The election of Emmanuel Macron as President of France in May 2017 was a novel development in French political history that revolutionized the status quo. The young president’s promises to fundamentally transform France had many feeling hopeful and optimistic about the future. France’s economy was sluggish in 2016, with a high unemployment rate of 10.1 percent, with many hoping that a departure from the status quo might be France’s best chance at galvanizing its economy.

 

A year and a half later, it is safe to say that Macron has not disappointed. Macron’s unprecedented reforms, which his predecessors would likely have never dared to try and implement, are exactly what a struggling French economy needed.

 

There were two main problems with the French economy that Macron sought to address. The first is extremely high public spending. In 2016, government spending represented 56.57 percent of GDP. As a comparison, this number was just 35.42 percent in the United States and 38.99 percent in the United Kingdom. The French government dramatically overspending compared to other developed nations. Moreover, the French state was spending money it simply did not have, worsening the budget deficit.

 

The second problem is a very high unemployment rate, which stems from a stagnant labor market with extremely strict rules on working hours, hiring and firing workers. Luckily, Macron understands these two critical problems and is taking important steps to solve them.

 

Macron acted soon into its first term to address the first problem, that of overspending. In his first budget, Macron took steps to reduce the budget deficit to below 3 percent of GDP, the EU limit. For example, in a risky political move, despite having promised to increase military spending Macron cut military spending by €850 million. It was recently revealed that France’s budget deficit had fallen to 2.6 percent of GDP, the first time since 2007 that the deficit was under the EU’s limit.

 

Across the board, Macron’s government is reducing public spending through seemingly ubiquitous budget cuts. As an example, to great protest, Macron ended a program of state-assisted jobs. Then, in an address to both houses of parliament this past summer, Macron reaffirmed his plans to cut public spending. And, in August, French Prime Minister Edouard Philippe said that the Macron government would now target French welfare spending to combat the deficit problem.

 

Macron’s government has also effectively targeted the second major problem of the French economy, namely the high unemployment rate which exists as a result of a stagnant labor market. In sweeping reforms in the summer of 2017, Macron took many steps to loosen the labor market. He put more emphasis on in-house labor negotiations, meaning that workers and employers would now be able to negotiate labor agreements within their own firms instead of at a sector-level discussion. Moreover, he slashed red tape for firms with more than 50 employees. It used to be that once a firm reached its 50th employee, it would have to nominate workers’ representatives, and set up a works council and a health and safety committee. Macron’s plan combined these three groups into one, drastically lowering costs to firms. He also decided that a firm’s economic health can no longer be used as a reason to oppose the firing of workers, which it previously could. Macron even introduced a set scale for wrongful termination situations, meaning that the old process that could result in monumental payments is now gone.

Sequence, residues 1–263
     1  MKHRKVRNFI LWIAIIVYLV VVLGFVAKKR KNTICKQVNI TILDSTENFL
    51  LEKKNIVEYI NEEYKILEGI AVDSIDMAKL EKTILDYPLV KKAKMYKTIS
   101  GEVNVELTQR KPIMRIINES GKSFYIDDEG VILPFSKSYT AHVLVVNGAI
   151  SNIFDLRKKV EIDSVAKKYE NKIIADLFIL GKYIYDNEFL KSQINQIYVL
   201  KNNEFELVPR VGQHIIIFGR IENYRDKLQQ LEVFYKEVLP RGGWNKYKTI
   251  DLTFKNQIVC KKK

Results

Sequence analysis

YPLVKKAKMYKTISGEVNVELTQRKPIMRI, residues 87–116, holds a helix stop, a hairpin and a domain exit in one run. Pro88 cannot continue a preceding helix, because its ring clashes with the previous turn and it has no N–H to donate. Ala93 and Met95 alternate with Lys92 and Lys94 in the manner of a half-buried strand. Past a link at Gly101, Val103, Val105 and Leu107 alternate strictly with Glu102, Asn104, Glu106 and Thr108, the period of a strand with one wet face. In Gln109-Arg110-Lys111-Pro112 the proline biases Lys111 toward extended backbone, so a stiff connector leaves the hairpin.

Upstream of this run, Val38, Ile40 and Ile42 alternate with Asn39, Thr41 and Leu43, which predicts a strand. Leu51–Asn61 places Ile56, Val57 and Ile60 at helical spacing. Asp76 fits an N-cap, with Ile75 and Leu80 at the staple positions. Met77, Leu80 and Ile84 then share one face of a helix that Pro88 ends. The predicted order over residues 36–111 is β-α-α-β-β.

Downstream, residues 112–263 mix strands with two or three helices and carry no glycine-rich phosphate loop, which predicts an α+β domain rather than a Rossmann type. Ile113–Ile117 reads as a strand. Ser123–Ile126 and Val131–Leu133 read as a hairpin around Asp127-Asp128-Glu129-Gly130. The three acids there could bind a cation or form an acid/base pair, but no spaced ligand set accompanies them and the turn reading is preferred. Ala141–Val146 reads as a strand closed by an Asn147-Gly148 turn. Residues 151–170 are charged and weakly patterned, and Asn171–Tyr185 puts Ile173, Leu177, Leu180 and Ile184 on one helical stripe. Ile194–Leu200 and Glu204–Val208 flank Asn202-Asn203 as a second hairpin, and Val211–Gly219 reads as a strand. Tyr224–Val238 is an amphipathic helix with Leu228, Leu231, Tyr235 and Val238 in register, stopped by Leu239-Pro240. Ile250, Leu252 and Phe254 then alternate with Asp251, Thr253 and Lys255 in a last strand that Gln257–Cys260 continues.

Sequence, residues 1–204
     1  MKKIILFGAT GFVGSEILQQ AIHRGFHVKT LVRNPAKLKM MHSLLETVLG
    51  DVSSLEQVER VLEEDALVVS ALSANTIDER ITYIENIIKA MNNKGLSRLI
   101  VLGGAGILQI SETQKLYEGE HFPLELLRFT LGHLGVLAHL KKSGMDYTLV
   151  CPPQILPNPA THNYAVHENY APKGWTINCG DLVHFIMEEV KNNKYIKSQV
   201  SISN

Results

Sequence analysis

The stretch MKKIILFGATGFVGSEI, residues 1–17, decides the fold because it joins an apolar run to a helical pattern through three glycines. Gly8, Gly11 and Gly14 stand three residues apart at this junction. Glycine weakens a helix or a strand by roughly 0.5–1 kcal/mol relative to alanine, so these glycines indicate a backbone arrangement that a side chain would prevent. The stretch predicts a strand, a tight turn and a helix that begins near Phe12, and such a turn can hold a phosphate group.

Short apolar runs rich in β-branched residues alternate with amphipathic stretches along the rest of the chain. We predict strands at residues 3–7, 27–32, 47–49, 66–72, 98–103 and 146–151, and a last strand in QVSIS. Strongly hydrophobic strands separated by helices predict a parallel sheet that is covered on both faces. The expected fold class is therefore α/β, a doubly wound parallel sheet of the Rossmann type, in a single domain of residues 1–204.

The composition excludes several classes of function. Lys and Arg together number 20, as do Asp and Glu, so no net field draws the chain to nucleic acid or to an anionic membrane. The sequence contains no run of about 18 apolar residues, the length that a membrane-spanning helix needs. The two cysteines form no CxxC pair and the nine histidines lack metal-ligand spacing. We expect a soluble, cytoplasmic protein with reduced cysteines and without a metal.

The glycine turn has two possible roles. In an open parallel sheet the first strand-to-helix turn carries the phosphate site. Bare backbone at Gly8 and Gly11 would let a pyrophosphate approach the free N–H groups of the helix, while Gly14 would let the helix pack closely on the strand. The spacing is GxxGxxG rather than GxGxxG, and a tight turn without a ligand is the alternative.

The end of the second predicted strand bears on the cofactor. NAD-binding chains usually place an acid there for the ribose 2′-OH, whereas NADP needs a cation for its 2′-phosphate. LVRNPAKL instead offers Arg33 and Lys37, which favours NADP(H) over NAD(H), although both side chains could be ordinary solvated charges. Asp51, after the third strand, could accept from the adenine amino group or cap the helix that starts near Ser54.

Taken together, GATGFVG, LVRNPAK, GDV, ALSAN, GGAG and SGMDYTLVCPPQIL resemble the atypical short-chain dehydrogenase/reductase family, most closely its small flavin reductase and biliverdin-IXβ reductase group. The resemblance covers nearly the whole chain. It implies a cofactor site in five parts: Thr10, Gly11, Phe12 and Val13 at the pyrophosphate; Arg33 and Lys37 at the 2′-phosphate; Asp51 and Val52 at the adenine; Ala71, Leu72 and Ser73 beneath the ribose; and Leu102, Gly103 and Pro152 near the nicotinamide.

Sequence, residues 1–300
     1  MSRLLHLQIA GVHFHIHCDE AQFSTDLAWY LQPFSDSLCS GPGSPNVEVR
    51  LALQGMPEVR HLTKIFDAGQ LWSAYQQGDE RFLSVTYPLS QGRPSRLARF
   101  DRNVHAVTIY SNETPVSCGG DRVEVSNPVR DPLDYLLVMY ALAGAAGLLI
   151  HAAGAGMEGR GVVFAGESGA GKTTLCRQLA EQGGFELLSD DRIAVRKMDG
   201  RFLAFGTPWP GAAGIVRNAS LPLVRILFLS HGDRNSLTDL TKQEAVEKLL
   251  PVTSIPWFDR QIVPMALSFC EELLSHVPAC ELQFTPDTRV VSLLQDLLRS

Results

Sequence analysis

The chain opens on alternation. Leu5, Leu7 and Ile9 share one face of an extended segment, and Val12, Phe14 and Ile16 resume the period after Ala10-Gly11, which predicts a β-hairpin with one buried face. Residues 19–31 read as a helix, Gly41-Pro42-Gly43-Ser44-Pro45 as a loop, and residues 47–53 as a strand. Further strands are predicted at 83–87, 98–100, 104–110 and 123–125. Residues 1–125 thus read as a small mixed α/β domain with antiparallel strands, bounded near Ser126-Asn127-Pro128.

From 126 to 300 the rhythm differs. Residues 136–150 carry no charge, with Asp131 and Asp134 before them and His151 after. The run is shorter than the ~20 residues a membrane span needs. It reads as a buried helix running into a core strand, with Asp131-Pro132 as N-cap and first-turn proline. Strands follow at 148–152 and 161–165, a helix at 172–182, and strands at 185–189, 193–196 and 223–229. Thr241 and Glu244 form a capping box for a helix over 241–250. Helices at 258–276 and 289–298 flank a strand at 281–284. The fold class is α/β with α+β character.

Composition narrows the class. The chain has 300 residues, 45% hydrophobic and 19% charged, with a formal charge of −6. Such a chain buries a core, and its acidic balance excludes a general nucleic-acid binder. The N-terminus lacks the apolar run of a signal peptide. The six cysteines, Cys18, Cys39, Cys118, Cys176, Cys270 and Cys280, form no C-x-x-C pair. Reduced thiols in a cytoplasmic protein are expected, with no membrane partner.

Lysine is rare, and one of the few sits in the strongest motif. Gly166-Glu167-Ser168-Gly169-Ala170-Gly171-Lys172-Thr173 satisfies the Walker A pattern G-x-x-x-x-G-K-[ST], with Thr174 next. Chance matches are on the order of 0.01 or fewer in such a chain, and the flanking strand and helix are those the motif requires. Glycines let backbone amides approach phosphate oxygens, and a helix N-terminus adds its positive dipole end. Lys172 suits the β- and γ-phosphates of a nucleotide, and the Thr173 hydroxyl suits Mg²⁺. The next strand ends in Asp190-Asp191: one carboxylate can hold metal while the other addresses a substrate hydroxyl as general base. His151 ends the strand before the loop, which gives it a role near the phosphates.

These reforms have loosened the rules around hiring and firing, which was the main reason for the stagnant labor market. Of course, if a firm knows that should it hire someone, it will be extremely difficult to fire that person should they do a bad job, that firm will be much less likely to hire the person in the first place. By loosening the rules around hiring and firing, Macron is helping to galvanize the French economy by creating the conditions that will allow unemployment to decrease.

 

Macron’s reforms are paying off. French public spending has decreased. Business circles are happy with the multitude of reforms around the labor market. In the words of French telecoms billionaire Xavier Niel, Macron has “completely changed” France’s image. Macron’s reforms are undoubtedly addressing the problems at the core of the French economy.

 

The positive results of his pro-business actions are countless. German software company SAP has pledged to spend €2.5 billion in France over the next five years. Google will create 1,000 new jobs. Toyota will invest €300 million on a factory in France, adding 700 jobs along the way. A recent survey by Bain & Company and the US Chamber of Commerce found that 72 percent of US investors were optimistic about the prospects of the French economy, an increase from only 30 percent in 2016.

 

While protests against him are becoming commonplace and his approval ratings seem to be falling dramatically due to a perception in France by many that he is a ‘President of the Rich’, his reforms are clearly having positive effects for the French economy, from increased confidence to higher levels of investment. Macron will continue on this course, continuing to influence the French economy through a series of important reforms.

Out of the frying pan and into the fire.  Last month Russell Wasendorf, Sr. attempted to commit suicide via asphyxiation by using a hose to funnel the exhaust from his Chevy into the car. A Good Samaritan thwarted his attempt and saved his life.  He is currently in jail awaiting trail where he will be charged with stealing around $200 million dollars from his own clients for the past twenty years.

Within the financial world $200 million is not a particularly large amount of money.  A scandal of this magnitude, although terrible, would not normally ring many alarms, but following the Madoff Ponzi scheme and the collapse of MF Global, it has done so, and with good reason.  This outright theft, along with the more recent LIBOR fixing scandal, has, to a certain extent, confirmed the public fear that the financial industry cannot always be trusted to keep investors’ money safe. This fear is helping to fuel the current economic downturn as investors continue to lose faith and withdraw money from financial markets.  Although this doubt in the system is certainly justified and is clearly an important issue, these recent scandals also beg a more fundamental question:  Can regulators be trusted to regulate?

It is almost laughable how simply Wasendorf was able to fool U.S. regulators as he stole hundreds of millions of dollars through his futures firm Peregrine Financial Group.  The ultimate authority for regulating firms such as Peregrine resides with the U.S. Commodity Futures Trading Commission (CFTC), which, because of its limited resources, delegates most of the oversight, such as regular auditing, to the National Futures Association (NFA).  The NFA, an internal self-regulatory organization, had audited Peregrine three times since 2010 and failed to pick up on the fraud.  Even more shocking is the fact that Wasendorf was able to frustrate the NFA’s attempts to verify Peregrine’s bank statements simply by sending them forgeries.  Instead of picking up the phone or contacting the bank electronically, the NFA relied on written mail to reach Peregrine’s bank.  The only problem was that Wasendorf had provided his own P.O. box as the bank’s address.  Receiving these letters himself, Wasendorf was easily able to falsify records.  He wrote, “Using a combination of Photoshop, Excel, scanners, and both laser and ink jet printers I was able to make very convincing forgeries of nearly every document that came from the Bank.”  When the NFA finally gained enough sense to contact the bank for electronic records, they stumbled upon nearly twenty years of fraud.